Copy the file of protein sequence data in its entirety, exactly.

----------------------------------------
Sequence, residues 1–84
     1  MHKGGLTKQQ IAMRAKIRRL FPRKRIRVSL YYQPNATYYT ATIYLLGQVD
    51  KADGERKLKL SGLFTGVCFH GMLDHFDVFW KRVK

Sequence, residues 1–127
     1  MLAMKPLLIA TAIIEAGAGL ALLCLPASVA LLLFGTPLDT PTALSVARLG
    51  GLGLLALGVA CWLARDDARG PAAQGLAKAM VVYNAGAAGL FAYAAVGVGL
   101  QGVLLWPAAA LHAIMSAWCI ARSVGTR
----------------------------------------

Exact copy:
Sequence, residues 1–84
     1  MHKGGLTKQQ IAMRAKIRRL FPRKRIRVSL YYQPNATYYT ATIYLLGQVD
    51  KADGERKLKL SGLFTGVCFH GMLDHFDVFW KRVK

Sequence, residues 1–127
     1  MLAMKPLLIA TAIIEAGAGL ALLCLPASVA LLLFGTPLDT PTALSVARLG
    51  GLGLLALGVA CWLARDDARG PAAQGLAKAM VVYNAGAAGL FAYAAVGVGL
   101  QGVLLWPAAA LHAIMSAWCI ARSVGTR